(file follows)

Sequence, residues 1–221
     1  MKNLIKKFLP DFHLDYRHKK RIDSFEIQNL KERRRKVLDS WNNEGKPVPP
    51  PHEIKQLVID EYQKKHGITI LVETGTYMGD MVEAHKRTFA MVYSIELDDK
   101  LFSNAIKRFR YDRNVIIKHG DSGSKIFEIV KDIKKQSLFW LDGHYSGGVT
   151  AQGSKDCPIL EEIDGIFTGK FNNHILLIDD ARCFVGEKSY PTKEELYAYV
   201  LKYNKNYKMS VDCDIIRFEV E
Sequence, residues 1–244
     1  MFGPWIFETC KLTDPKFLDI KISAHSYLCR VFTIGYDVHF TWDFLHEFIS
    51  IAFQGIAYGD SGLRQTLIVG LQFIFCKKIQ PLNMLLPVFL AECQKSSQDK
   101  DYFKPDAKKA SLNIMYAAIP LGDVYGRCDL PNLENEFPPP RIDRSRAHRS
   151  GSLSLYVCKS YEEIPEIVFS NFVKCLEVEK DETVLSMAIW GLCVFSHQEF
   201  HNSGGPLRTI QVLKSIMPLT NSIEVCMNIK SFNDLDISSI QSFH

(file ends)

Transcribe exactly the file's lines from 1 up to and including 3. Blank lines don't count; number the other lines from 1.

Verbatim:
Sequence, residues 1–221
     1  MKNLIKKFLP DFHLDYRHKK RIDSFEIQNL KERRRKVLDS WNNEGKPVPP
    51  PHEIKQLVID EYQKKHGITI LVETGTYMGD MVEAHKRTFA MVYSIELDDK